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December & January Gardening Checklist – 30 Winter Gardening Tips and Tricks

November 2, 2019


Well winter is upon us. The temperatures
are lowering, the holidays are here but there’s still a lot of work to do in
your garden in the months of December and January. I’ll show you what I’m going
to do. If you’re storing cut wood for winter fires, be sure and store it away
from the house. Cockroaches and other pests & insects like to hide in the wood
and you don’t want to give them easy access into your home. Be sure and have
some frost blankets on hand so that you can protect your tender perennials when
the hard frost comes. If moving potted shrubs and trees into the house or into a
greenhouse be sure and check the humidity level and any airflow that
might negatively affect the plant. Start garden planning for next year. Think
about the lessons you learned from the previous garden. Map out your garden for
next year keeping in mind crop rotation and order
your seeds for your spring and summer garden. Be sure and check out our garden
planning video and our garden planning tools at groworganic.com.
Add compost and mulch to your perennial vegetables such as artichokes asparagus,
strawberries and other berries, to protect the roots from frost. If you want
a winter garden, build some hoop houses over your beds and cover it with
greenhouse poly you can grow greens and other kinds of lettuces all winter long.
Click on the link below to find more information about building hoop houses
and other winter garden structures. Continue adding to your compost pile.
Monitor the pile for moisture level. It should be moist but not soggy. Add a
compost cover if the pile is getting too wet. Continue cleaning up underneath your fruit trees or perennial vegetables. Pick up any dead fruit, vegetables or debris
and that will help prevent any kind of infestation next year. Prune your
blackberries based on the kind that you have. Erect, semi-erect or trailing. The
way to Train and prune will depend on the type. Dormant pruning of erect
blackberries entails removing dead canes and cutting back laterals 12 to 18 inches. Semi-erect blackberries should be thinned to five to eight of the strongest
canes and shortened laterals to twelve to eighteen inches. Remove any growing on the lower third foot section of the main canes. Tie to a
fence or trellis to provide support. Trailing blackberries are less cold
tolerant and in cold regions the Canes can be left on the ground and protected
with Row cover over the winter. In spring the Canes can be lifted and tied to a
trellis three feet and six feet. I’m gonna weed, clean below these raspberries and then I’m gonna add compost and mulch and then I’m gonna do the winter pruning.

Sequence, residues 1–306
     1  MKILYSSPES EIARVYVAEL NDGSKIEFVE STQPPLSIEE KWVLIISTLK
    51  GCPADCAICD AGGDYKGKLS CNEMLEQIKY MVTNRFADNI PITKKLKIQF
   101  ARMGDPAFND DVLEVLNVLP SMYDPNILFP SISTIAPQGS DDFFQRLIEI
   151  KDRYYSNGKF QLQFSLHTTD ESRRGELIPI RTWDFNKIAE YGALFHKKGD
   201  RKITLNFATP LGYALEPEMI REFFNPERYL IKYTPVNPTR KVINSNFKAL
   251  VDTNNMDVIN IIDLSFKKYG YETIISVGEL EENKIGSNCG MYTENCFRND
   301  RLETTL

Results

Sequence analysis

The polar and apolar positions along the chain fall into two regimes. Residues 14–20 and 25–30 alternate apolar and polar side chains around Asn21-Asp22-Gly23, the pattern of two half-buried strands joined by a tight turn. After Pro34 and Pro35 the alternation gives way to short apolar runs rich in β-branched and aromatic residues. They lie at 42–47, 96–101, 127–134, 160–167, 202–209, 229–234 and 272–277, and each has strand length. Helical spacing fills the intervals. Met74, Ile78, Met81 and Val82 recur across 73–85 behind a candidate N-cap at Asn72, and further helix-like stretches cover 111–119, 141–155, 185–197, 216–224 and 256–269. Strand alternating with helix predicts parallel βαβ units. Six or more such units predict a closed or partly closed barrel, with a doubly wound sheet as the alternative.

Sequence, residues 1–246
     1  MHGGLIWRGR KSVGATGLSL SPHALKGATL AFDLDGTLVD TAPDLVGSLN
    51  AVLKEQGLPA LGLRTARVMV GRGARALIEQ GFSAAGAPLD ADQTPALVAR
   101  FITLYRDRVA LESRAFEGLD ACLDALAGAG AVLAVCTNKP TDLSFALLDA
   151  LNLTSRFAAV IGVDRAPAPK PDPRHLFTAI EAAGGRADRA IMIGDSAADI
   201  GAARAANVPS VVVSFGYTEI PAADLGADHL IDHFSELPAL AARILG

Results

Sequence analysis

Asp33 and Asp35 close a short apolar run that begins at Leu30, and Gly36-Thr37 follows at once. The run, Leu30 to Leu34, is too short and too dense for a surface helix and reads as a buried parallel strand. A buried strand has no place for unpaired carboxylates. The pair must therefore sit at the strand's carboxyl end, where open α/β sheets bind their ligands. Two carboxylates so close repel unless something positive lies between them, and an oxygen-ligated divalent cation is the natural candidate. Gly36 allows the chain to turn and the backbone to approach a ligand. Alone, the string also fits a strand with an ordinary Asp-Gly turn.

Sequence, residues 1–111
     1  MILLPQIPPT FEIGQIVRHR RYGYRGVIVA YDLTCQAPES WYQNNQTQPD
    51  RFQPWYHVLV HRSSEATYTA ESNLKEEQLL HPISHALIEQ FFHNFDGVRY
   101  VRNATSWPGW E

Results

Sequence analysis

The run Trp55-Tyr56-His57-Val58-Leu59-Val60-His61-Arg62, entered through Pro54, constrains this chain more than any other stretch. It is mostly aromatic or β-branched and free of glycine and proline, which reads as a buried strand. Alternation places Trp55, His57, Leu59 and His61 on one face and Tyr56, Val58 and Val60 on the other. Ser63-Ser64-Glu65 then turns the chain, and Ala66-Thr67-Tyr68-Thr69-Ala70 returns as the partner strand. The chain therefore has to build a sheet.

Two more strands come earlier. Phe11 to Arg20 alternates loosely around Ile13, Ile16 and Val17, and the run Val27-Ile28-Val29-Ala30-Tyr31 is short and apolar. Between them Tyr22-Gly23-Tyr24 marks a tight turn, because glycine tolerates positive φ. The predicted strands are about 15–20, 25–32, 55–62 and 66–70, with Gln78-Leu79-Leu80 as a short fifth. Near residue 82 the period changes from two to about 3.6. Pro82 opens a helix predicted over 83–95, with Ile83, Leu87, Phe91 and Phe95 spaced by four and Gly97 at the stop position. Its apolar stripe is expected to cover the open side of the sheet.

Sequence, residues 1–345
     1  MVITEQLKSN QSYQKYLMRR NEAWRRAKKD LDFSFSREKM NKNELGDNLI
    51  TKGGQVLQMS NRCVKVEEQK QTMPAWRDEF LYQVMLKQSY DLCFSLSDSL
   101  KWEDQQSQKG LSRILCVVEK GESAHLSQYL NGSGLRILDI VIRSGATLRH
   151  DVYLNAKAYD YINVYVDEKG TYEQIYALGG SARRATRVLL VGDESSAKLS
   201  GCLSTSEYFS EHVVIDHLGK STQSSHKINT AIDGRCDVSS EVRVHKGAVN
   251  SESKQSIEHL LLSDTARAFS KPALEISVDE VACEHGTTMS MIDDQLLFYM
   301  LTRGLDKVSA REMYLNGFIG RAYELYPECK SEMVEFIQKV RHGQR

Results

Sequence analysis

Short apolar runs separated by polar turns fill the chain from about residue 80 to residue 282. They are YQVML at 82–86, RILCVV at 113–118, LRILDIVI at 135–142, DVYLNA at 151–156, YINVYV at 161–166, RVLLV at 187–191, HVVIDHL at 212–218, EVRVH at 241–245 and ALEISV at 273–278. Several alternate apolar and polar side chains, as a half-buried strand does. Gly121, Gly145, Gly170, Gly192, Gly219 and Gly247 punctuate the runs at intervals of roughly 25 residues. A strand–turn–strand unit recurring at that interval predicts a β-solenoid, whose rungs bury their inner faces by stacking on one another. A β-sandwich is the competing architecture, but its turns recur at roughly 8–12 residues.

Please check out the video on how to care for raspberries. Prune your pears
apples peaches and nectarines and be sure and check out our winter pruning
video. Apply dormant sprays after all the leaves have dropped and then follow it
up with two more applications. Dormant spraying kills overwintering insect eggs,
mites, soft bodied insects, scale and fungal diseases like peach leaf curl.
Treat your stone fruit trees that are susceptible to peach leaf curl with
dormant sprays three times. Treat after leaf drop again, at new year’s day and a
third time at Valentine’s Day. If you plan on planting any bare root fruit
trees, pre dig your holes before the ground gets too cold or before it gets
too wet. Food supplies are scarce for wild animals so protect your small trees
and shrubs from deer and rabbits and other pests with deer fencing and with
tree guards. There are also a lot of other methods that you can find on our
how to control deer video. Order your bare root fruit trees, vines, berries and
vegetable crowns. These items ship in December and January
but sometimes we run out if quantities are limited. Be sure and check out all
the gift ideas for the gardener’s in your life or on your list. Depending on
your climate and what kind of olive tree you have, you might still have time to
harvest your olives. Most importantly enjoy the holiday season I’ll check back
with you in February. Grow organic for Life!

4 Comments

  • Reply Rolo December 8, 2017 at 6:17 am

    Hello there, I’d like to know what kind of block that was on the raised beds. What’s the name of it and where can I find it?

  • Reply Morgan Ivy January 3, 2018 at 9:53 pm

    Hello! I love your videos, and always look forward to your next one. My family and I have a smaller yard that is to small to have a garden in the ground, and when we did try all the plants died from being in the hot soil in southern CA. So we found planter boxes tried them a couple times and loved them, you can move them around because they have wheels to! I would really enjoy if you made a video on how to plant cucumbers, peppers, tomatoes, and other plants that can last the heat in planter boxes. (I know you already have vids on these plants, but it would be nice to see how to use the planter boxes in different ways.) 
         I'm so jealous of your garden and wish to have one like that in the future! 😀

  • Reply Grow Organic At Home January 14, 2018 at 4:29 pm

    Hi Great video. Great content and really enjoyed watching it.

  • Reply Stacey Here we grow again January 3, 2019 at 3:53 pm

    Great video as always!

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